Yes, yes … been busy. However, this particular story really could not be passed up. For those not in the know, Sydney is hosting Catholic World Youth Day (being helped along by an inordinate amount of government funding). As a part of this little shindig, New South Wales Police have been granted some rather … bizarre new powers as the story below highlights.
The New South Wales Bar Association says new regulations for World Youth Day undermine basic rights and are an affront to freedom of speech.
Under the new regulations, people who refuse to stop engaging in conduct that causes annoyance or inconvenience to pilgrims can be arrested and fined up to $5,500.
The same provision did not apply during last year’s APEC Summit in Sydney.
The association says the terms are too vague and the penalties are excessive.
It says if existing laws are considered sufficient to regulate conduct at events like the Mardi Gras or the Rugby World Cup, they should be good enough to cover World Youth Day.
The Bar Association has also accused the Government of avoiding public scrutiny by creating a criminal offence by regulation, rather than making it an Act of Parliament.
It says the NSW Government is trying to restrict freedom of speech.
Association president Anna Katzmann SC says the laws are ridiculous because any person displaying opposition to the event could be affected.
“If I were to wear a t-shirt proclaiming that World Youth Day is a waste of public money in a World Youth Day-declared area, and I refuse to remove it when an officer, an authorised officer of the Rural Fire Service asks me to do so, then I’m potentially committing a criminal offence,” she said.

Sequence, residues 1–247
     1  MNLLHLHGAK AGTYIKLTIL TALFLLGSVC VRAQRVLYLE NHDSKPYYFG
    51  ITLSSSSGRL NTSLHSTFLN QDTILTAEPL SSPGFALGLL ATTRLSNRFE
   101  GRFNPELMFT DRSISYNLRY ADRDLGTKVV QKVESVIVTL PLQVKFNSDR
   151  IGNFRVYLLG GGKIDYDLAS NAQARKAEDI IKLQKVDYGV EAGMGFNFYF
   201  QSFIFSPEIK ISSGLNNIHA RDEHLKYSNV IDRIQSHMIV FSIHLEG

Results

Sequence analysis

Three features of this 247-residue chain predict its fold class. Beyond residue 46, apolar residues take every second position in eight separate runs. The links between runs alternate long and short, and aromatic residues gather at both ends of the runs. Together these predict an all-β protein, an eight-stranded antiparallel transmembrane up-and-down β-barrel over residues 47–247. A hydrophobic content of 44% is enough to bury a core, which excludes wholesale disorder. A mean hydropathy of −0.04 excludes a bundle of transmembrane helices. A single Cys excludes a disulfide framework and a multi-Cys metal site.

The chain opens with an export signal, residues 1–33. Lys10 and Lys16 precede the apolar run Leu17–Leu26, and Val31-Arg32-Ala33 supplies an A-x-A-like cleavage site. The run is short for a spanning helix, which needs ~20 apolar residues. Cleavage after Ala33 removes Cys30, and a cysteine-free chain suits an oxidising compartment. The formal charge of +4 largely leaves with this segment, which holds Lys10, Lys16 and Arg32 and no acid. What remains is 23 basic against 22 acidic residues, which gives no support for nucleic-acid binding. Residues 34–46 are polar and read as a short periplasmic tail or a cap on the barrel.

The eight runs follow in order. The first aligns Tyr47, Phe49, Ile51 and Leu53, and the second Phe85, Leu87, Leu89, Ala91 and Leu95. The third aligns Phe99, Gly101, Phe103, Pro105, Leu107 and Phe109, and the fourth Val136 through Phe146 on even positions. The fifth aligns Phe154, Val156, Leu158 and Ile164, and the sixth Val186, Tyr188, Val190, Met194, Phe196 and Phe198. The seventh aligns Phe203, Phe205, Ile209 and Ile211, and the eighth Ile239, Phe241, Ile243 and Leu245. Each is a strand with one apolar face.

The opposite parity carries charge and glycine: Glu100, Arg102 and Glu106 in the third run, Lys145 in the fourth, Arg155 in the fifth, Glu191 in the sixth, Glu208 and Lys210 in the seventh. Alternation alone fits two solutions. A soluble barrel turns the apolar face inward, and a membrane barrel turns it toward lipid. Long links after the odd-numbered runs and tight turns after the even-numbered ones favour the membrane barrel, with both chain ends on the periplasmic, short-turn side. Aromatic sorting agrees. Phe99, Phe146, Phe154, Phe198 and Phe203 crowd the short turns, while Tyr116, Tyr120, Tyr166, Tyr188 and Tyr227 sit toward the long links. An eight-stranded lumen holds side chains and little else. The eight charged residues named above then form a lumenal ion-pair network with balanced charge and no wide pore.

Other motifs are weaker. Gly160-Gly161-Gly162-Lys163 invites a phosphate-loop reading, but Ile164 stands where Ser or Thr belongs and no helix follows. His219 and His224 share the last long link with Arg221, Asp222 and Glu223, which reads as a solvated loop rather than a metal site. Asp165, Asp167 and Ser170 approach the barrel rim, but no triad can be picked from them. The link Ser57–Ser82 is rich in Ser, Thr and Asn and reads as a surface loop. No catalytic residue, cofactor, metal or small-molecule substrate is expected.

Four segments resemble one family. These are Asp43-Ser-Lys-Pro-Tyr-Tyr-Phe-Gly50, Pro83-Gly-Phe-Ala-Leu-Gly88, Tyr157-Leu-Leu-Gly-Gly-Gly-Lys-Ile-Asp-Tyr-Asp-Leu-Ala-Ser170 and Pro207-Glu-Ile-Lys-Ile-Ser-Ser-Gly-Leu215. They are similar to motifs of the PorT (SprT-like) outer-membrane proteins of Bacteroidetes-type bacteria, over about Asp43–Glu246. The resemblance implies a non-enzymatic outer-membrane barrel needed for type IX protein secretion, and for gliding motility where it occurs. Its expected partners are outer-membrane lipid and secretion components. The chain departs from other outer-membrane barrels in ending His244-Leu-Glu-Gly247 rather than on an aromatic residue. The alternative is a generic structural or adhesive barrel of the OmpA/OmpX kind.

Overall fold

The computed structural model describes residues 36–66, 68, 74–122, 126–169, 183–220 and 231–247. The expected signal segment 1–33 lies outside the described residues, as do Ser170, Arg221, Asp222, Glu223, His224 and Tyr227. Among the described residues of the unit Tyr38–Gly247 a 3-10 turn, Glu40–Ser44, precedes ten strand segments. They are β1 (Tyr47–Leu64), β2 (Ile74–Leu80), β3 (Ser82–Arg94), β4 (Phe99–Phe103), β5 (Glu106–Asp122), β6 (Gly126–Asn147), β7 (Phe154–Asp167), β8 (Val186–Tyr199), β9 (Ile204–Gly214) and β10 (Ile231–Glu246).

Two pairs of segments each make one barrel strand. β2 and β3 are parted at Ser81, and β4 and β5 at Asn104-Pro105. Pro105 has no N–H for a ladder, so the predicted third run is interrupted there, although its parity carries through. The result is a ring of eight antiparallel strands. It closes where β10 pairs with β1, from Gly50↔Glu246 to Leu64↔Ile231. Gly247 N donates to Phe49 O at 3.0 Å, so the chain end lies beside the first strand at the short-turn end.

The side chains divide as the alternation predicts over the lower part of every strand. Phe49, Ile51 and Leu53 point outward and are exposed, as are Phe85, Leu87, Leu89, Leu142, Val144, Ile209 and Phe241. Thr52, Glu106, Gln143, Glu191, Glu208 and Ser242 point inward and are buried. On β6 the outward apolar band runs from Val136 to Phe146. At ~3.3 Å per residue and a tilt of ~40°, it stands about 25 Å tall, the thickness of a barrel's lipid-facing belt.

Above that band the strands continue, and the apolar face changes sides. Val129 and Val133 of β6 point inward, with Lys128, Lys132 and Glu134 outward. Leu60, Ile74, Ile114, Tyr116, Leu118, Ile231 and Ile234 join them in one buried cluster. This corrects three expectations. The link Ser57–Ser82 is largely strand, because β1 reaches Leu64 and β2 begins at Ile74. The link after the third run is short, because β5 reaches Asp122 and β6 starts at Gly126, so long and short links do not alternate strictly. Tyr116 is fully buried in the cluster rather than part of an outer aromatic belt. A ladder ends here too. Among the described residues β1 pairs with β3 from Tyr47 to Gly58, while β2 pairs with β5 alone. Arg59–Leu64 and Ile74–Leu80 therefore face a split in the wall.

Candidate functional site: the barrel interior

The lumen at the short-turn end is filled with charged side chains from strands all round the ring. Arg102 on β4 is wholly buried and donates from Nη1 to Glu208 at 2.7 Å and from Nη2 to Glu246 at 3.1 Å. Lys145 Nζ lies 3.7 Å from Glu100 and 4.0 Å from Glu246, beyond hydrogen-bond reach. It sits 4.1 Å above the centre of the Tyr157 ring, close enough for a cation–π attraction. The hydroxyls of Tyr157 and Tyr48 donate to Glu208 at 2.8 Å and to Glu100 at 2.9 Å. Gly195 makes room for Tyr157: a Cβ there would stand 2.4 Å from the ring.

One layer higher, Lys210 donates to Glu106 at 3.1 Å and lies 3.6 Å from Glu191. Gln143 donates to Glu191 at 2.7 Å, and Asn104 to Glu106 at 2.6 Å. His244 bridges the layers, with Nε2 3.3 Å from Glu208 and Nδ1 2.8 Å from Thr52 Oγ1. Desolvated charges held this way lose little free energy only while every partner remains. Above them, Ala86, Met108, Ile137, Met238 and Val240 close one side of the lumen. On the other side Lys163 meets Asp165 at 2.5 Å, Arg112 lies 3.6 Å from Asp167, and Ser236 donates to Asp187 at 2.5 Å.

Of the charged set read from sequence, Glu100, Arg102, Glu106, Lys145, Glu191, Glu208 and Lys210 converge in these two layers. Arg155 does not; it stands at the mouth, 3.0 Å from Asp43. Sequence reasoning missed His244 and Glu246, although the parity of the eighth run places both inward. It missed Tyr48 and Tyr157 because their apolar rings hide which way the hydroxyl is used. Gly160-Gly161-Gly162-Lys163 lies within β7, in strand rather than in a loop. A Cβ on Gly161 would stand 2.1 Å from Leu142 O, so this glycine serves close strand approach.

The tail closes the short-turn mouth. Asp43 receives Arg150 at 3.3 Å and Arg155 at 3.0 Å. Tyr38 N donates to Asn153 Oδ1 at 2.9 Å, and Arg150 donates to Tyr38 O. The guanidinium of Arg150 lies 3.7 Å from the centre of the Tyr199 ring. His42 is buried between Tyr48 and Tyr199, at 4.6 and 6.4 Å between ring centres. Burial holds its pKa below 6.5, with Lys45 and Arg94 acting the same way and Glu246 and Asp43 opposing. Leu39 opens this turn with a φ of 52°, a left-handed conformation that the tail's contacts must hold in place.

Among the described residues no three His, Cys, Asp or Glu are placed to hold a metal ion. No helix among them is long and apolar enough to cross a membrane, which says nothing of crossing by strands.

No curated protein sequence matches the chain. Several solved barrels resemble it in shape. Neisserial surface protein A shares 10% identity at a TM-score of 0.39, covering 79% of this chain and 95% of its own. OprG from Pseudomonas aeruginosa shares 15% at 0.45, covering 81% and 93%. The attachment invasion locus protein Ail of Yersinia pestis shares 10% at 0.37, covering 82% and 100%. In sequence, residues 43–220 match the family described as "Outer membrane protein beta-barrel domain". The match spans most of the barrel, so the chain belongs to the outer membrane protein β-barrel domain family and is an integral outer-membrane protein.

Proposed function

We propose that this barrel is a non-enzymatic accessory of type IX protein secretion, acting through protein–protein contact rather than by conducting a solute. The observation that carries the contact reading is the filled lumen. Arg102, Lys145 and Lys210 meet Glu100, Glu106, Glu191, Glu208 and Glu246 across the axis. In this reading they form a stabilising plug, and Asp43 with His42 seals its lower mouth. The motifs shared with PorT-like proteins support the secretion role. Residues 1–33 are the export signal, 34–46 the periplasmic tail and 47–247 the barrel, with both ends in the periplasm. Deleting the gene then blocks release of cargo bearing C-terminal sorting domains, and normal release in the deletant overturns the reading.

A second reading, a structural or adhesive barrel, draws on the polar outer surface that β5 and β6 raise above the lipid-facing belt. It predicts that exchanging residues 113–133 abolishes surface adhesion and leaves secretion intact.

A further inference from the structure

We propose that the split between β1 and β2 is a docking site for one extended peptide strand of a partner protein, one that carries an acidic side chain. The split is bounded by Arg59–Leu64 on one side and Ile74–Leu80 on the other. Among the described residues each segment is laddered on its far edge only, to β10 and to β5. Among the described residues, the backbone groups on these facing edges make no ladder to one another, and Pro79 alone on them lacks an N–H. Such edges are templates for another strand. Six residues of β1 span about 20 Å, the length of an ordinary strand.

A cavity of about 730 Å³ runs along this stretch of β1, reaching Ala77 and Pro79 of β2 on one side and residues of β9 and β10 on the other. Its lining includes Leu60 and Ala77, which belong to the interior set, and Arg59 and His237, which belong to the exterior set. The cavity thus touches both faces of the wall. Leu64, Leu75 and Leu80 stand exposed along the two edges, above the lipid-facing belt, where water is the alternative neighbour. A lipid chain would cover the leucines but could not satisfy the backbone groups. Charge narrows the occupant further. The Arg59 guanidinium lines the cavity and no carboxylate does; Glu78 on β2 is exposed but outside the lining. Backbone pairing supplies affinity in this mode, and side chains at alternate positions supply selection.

The Greens say the powers aim to shut down protests and provide a sanitised view of Sydney.
Greens MP Lee Rhiannon says the definition of causing annoyance is open to interpretation and the subsequent penalties are excessive.
“If somebody exposes themself to a World Youth Day participant they face a fine of $1,100, but if they wear an anti-Catholic t-shirt, the fine could be $5,500,” she said.
But Deputy Police Commissioner Dave Owens says officers will act reasonably in determining what is offensive.
“Police officers do it every day of the week,” he said.
“As I’ve said, they have a discretion. We’re not the fashion police, we’re not kill-joys.”
World Youth Day spokesman Father Mark Podesta rejected suggestions the Catholic Church requested the special powers.
That’s right. If you try to hand out condoms, wear a t-shirt that happens to have a message not in line with Catholicism or play music too loud … you can be partially strip searched and/or fined up to $5,500. So … anyone care to try to defend this particular exercise in craziness?